How did you get into publishing?
I studied philosophy and theology at university, and got pretty good with words along the way, but other than that I don’t have any formal qualification for doing what I’m doing. I did some editorial work experience at OUP through a friend who worked there, and then another friend, who happened to know the company, pointed me towards Garnet. It so happened there was a vacancy for an editorial intern – me, as it turned out. I’ve done a few different jobs in the Garnet editorial team since then, including a lot of work on English courses for statewide adoptions in schools. I also spent a year as a freelance editor soon after our son was born. But I’ve never quite shaken off the ‘intern’ tag!
What does a typical day in the office look like for you?
I tend to start around 8 a.m., always accompanied by a cup of coffee. I mainly write and edit onscreen, so, unglamorous as it sounds, I really have to know my way around Microsoft Word: most of my work ends up in the hands of a designer who has to interpret it into a page layout, which means the formatting has to be spot on. Sometimes my main focus is much more on the content, of course – for example, when I’m writing new material. I sometimes do voice recordings, too, which is fun both for working with actors and, occasionally, pretending to be one. Probably the busiest I get is when we have a government deadline around the corner; on a typical recent deadline day I was dealing with corrections for twelve different titles at once, some of them subtly different versions of each other. The closest analogy I can think of is taking twelve small children on a day trip. They’re all siblings and thick as thieves. The stakes are high; confusion is a given; there are many comedic possibilities in the air.
What’s your favourite part of your job?
Right now, writing. Over the last couple of months, I’ve been part of the writing team for the Academic Skills extension to C21: English for the 21st Century, our general English course. Researching and writing my own material has been a lot of fun, and I’m surrounded by editors and designers who have honed my ideas and brought them to life. Collaborating with a small team of people, and with such a diversity of expertise in-house, is one of the really super things about working at Garnet.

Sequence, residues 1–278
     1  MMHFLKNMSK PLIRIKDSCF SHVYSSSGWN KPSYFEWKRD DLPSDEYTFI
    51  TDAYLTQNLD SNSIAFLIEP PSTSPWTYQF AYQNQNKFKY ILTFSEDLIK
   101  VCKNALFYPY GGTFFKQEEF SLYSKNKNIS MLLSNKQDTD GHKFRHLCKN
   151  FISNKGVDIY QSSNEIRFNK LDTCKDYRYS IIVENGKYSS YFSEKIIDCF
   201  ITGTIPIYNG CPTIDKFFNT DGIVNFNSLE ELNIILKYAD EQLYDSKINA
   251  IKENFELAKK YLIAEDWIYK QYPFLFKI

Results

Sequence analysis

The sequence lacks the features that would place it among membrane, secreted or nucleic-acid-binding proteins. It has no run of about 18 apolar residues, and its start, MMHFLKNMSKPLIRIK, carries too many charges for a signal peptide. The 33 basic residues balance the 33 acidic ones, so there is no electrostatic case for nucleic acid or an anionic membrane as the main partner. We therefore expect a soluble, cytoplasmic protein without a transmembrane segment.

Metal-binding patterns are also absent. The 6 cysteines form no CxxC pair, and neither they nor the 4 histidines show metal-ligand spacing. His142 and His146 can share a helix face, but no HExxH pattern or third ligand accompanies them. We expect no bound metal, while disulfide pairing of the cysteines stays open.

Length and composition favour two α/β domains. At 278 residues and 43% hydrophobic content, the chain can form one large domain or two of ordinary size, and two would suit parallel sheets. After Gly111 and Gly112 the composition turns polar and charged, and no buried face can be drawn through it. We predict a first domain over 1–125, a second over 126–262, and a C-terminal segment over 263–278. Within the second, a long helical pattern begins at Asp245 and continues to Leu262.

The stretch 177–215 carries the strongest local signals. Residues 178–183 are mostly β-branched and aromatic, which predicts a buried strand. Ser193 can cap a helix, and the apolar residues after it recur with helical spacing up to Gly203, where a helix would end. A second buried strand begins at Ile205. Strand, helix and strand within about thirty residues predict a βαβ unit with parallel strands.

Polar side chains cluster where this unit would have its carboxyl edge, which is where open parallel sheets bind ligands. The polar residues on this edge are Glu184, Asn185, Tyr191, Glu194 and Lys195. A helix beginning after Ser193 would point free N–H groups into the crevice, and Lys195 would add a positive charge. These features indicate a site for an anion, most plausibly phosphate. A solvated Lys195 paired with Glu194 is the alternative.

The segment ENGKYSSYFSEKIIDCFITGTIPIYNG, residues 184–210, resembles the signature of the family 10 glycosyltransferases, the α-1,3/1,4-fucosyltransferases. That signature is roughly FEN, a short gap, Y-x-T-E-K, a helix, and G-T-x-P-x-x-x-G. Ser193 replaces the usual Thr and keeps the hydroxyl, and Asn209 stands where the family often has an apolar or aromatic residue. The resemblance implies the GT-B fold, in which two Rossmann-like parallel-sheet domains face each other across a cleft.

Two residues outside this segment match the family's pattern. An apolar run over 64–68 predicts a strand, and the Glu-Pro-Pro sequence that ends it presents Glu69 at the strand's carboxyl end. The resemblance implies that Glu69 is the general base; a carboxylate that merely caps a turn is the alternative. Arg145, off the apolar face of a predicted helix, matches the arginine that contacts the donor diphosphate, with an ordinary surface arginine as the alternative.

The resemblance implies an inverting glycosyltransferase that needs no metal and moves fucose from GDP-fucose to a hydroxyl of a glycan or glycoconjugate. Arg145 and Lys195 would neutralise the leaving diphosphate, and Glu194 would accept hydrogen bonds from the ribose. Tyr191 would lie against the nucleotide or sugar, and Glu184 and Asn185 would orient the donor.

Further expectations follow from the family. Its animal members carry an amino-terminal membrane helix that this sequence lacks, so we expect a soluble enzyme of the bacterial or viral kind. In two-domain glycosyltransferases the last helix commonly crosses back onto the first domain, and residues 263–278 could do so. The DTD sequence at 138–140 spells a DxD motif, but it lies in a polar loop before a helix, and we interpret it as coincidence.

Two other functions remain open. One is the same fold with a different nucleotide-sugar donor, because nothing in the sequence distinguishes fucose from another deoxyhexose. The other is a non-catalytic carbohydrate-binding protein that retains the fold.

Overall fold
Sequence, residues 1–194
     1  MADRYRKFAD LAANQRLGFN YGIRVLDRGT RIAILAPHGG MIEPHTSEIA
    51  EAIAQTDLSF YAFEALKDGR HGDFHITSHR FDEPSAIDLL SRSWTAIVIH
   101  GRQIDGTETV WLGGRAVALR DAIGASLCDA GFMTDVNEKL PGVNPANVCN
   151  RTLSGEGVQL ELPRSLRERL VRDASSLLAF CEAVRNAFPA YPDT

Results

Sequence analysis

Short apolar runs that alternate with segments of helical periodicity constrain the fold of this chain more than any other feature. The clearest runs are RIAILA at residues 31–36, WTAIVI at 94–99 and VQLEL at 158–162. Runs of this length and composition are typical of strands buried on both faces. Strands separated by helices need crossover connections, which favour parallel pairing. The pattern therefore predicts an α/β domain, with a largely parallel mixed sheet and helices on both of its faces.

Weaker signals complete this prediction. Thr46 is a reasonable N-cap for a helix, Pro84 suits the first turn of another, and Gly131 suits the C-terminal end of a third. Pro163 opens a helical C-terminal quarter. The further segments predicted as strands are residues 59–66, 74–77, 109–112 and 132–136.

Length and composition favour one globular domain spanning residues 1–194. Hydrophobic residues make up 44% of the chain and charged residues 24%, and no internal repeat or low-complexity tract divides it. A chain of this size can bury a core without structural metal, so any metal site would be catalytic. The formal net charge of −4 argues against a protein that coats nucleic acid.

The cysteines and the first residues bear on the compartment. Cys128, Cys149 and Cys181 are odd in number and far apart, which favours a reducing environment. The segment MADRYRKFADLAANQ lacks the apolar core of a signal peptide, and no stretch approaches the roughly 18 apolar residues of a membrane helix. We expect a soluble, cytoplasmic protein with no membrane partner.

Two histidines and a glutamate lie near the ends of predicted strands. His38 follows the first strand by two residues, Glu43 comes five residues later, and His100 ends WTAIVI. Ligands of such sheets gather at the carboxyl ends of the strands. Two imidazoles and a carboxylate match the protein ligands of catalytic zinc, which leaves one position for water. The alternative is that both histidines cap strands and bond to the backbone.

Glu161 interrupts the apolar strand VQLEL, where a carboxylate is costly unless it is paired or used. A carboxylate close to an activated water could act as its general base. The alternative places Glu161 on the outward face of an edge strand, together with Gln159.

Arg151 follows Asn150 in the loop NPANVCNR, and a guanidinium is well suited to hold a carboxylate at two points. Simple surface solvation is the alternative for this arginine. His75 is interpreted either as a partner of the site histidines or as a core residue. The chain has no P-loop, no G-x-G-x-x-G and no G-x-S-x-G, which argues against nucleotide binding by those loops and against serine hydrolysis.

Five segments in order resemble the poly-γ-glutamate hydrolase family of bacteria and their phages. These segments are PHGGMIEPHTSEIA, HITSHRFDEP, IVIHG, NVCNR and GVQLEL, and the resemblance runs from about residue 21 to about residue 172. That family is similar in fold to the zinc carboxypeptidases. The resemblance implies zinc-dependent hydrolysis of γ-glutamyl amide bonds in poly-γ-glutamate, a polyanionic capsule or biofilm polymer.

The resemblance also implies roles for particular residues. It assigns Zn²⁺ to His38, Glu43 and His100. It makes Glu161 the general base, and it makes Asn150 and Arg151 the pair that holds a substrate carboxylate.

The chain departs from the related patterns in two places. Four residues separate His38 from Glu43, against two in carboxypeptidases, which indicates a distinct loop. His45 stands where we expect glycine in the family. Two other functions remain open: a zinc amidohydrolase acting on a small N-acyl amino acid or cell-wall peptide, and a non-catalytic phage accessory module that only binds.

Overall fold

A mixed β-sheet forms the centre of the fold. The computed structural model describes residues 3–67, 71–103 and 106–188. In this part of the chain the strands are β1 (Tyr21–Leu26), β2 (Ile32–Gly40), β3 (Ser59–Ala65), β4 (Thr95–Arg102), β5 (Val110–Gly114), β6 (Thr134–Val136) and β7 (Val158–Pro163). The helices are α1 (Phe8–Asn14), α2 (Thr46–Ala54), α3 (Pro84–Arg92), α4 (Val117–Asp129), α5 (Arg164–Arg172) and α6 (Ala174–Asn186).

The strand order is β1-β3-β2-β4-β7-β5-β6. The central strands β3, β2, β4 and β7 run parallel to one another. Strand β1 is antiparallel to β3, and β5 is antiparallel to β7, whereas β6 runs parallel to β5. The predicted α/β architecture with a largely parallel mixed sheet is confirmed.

What is your motto?
There are a few candidates … none of them printable!
What is your favourite word/idiom? Which words or phrases do you most overuse?
I catastrophically overuse the words ‘OK’, ‘interesting’ and ‘fine’, often in combination with one another. In dark moments I feel this indicates a slight mental barrenness. Some of my colleagues have also accused me of overusing ‘concatenation’, but I don’t think that’s actually possible.
Which living person do you most admire?
Probably my wife, Rachel. She’s one of a kind!
What did you want to be when you were growing up?
My aspirations were never very clear, but I felt the appeal of lives which embodied some sense of the fleetingness of the moment – painters, people who lived on canals, Mozart, Humphrey Bogart getting on a train. All of it quite jumbled. I’ve always spent a lot of time on music, too, so that was in the mix. But the life of the mind pulled me as well – a much more settled sense of existence. I probably aspired to be a philosopher in some way.
What was the last book you read that you’d recommend?
Right now I’m reading Theodor Adorno’s Minima Moralia, which is a beautiful work of cultural criticism written in the 1940s. It’s a sequence of aphorisms on everyday life, from which gradually emerges a broad perspective on the fragmentation and sadness of modernity. It’s amazingly good!
A fact about yourself most people wouldn’t know?
I once crashed a go-kart pretty recklessly and got my whole group of friends kicked out of a racetrack somewhere. I think the clincher was that I actually accelerated through a wall of tyres. This was years and years ago. It was a total accident, but the devastation was so all-encompassing that no one believed me.